US Focus on Pyongyang Risks Overlooking Burma
covering burma and southeast asia
Sunday, March 29, 2020
Burma

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US Focus on Pyongyang Risks Overlooking Burma


By SIMON ROUGHNEEN Monday, August 10, 2009


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Then, on May 25, the Kim Jong-il government undertook an underground nuclear test, prompting Obama to order increased missile defenses to be placed on Hawaii in response.

If the US and Pyongyang resume dialogue or if the US seeks to revive six-party talks down the line, it remains to be seen whether the links between North Korea and Naypyidaw will be up for discussion.

The director of The Heritage Foundation's Asian Studies Center, Walter Lohman, told The Irrawaddy that the Burma issue “should be on the agenda of any resumption of six-party talks,” given that “it was the [US] secretary herself who validated the charges [of North Korea-Burma collaboration] a couple weeks ago in Phuket.”

While there is no “smoking gun” in Burma yet, the facts on the ground require verification. Whether this can be achieved by packaging the Burma issue into any future six-party talks remains to be seen.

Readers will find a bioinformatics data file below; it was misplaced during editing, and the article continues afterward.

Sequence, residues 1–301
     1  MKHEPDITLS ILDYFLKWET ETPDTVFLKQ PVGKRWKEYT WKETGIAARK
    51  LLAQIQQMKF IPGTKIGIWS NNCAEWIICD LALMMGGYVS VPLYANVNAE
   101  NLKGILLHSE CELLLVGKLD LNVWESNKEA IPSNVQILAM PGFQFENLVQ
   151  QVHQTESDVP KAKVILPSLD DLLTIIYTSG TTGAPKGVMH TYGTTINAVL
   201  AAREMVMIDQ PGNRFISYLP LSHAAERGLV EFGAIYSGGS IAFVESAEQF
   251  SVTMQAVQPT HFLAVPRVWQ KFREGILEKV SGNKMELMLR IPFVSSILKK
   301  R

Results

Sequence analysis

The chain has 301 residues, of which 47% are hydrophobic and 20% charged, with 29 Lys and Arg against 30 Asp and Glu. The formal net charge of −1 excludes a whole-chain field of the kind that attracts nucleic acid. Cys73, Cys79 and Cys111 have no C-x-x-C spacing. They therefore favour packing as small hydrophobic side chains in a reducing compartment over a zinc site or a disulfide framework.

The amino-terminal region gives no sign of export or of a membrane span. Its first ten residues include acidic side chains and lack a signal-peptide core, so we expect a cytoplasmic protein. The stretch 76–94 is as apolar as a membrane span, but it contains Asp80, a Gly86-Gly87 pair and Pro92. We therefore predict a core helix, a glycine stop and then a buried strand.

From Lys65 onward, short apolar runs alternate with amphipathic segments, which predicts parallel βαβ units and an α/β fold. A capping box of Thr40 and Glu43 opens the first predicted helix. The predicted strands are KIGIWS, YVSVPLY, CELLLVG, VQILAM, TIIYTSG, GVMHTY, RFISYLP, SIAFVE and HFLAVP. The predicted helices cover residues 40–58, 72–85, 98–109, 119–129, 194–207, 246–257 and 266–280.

Scott Snyder, adjunct senior fellow for Korea Studies at the Council on Foreign Relations, outlined to The Irrawaddy that any Burma inspections procedure "should first be addressed through the IAEA, with the board of the IAEA requesting that inspections of suspect sites in Burma be allowed. If a formal request is made and rejected, then the board of the IAEA may elect to refer the issue to the UN Security Council.  This is the same path that the issue of NK special inspections took during the first North Korea nuclear crisis in 1992-93. "

A separate UN Security Council process would be difficult, and potentially futile, given that Chinese consent would be required for any resolution requesting the Burmese junta to allow International Atomic Energy Agency (IAEA) inspections.

Even then, as Prof Caballero Anthony noted, the Burmese generals would not be obliged to consent.



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